Register using the following link:
The (en)coding Heritage Seminar Series brings together researchers who are working at the cutting edge of digital technologies, humanities and heritage science. The third session in the series is devoted to Mapping Real and Imagined Sites.
A full list of upcoming seminars in the series can be found here
Lada Zimina and Antonina Puchkovskaia, ITMO University, Saint Petersburg
Designing Web-interface for Exploring Cultural Narratives of Saint Petersburg
The paper raises the questions of cultural heritage data representation in the urban context. It also problematizes how to build a user-friendly interface that is both interactive and educational that provides easy access to a curated dataset. “St.Retrospect” - a mapping project for representing culturally significant locations in Saint-Petersburg - is designed as an attempt to answer these questions. The database includes repositorium of various historical sources provided by Russian National Library and incorporates information on more than 1000 locations and approximately 1000 related historical figures. Considering the discursive and associative nature of heritage that has been pointed out by various scholars, St. Retrospect is not limited to institutionalized interpretation of the heritage, it is designed as an opensource project. The mission of the project, therefore, is to raise awareness about culturally significant sites among the local community as well as to engage its members into evaluation of historic locations and identification of their cultural significance and collection of relevant data.
Aline Guillermet, University of Cambridge
Quantifying Aesthetic Perception: The point of View of Digital Arts
Can we quantify and model aesthetic perception? Preliminary answers to this question date back to the American psychologist G. T. Buswell’s How We Look at Picture (1935), and to the French physicist Abraham Moles’ prediction that the “emotion engineers” of the future would be able to “program aesthetic pleasure”. Recent research in the field of digital art history updates these debates from different perspectives. This paper considers a series of a digital art history studies dealing with the quantification of aesthetic perception in the light of recent digital artworks by Erica Scourti, Jonas Lund, and Toby Ziegler. I will argue that digital arts offer a vantage point from which to consider the methodological and philosophical challenges that emerge from the application of quantitative methods to the history of art.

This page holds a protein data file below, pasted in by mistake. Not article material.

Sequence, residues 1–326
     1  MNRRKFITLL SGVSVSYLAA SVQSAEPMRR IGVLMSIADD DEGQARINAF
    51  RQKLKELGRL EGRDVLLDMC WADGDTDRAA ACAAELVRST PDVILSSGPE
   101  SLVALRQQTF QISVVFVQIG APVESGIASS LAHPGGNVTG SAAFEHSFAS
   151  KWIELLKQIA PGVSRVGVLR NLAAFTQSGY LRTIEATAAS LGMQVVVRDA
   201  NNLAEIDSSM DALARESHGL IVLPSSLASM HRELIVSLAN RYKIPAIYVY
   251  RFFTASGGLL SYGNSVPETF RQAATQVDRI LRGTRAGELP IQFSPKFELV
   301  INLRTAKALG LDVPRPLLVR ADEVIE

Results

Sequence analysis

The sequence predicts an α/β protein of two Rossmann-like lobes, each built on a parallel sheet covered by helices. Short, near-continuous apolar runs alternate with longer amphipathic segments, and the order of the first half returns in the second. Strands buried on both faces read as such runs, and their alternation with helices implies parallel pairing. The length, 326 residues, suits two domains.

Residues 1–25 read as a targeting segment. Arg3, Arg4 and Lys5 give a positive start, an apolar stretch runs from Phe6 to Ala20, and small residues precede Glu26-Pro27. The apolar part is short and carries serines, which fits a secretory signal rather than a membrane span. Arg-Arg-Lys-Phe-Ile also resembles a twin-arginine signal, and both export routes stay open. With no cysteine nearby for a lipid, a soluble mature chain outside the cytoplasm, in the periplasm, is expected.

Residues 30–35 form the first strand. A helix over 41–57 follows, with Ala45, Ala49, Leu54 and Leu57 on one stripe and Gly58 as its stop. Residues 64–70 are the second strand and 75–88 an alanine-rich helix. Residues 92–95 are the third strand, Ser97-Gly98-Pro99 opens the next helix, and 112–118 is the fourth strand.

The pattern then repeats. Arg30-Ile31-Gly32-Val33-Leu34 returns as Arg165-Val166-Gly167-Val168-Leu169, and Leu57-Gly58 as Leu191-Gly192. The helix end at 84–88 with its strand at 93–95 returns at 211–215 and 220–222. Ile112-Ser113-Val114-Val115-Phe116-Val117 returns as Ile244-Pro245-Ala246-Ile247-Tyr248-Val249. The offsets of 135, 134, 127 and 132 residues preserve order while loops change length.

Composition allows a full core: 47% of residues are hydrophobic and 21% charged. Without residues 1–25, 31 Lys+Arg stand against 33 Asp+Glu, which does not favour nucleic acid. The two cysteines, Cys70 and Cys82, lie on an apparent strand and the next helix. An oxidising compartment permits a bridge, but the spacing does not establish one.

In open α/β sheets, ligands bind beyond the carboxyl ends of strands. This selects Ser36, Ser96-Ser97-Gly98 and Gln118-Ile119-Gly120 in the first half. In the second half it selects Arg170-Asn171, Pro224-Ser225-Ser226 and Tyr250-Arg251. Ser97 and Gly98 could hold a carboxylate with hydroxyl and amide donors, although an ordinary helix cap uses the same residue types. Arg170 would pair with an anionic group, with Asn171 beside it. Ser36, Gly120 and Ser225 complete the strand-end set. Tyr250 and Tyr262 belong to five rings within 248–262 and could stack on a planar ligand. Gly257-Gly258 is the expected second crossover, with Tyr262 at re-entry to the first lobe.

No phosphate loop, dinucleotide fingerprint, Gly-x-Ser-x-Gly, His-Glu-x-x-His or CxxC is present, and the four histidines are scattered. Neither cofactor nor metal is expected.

Eelco Nagelsmit, University of Groningen
Christoph Semler's 'Tempel Salomonis' in Augmented Reality
This project presents a virtual reconstruction of a model of the Biblical Temple of Solomon, which was created in the early eighteenth century in Halle (Germany). The original Temple model at Halle was lost, however, a detailed manual with illustrations provides a clear account of its layout, and how it was to be interpreted according to the Pietists. This project allows for a reenactment of this playful exegetical process of spatial and embodied knowledge production.
Kornelius Goetz, Office for Conservation Consultancy, Meitingen
3D-Modelling and Recording of the Inventory by a Web App
The web application was developed especially for documenting Architectural and Cultural Heritage. For each project there are different templates for buildings, rooms, inventory, damage and diagnosis and for the documentation of conservation. The templates serve as a checklist for the creation of the inventory and damage recording and are derived from two European standards. The web app integrates 3D models from Matterport via an API. Models can be measured on screen with an accuracy of about one centimetre. With these features, the web app presents a number of advantages over other commercial offerings.
Organised by the (en)coding Heritage Network in collaboration with Leonardo Impett, Durham University. For questions, please email email@example.com.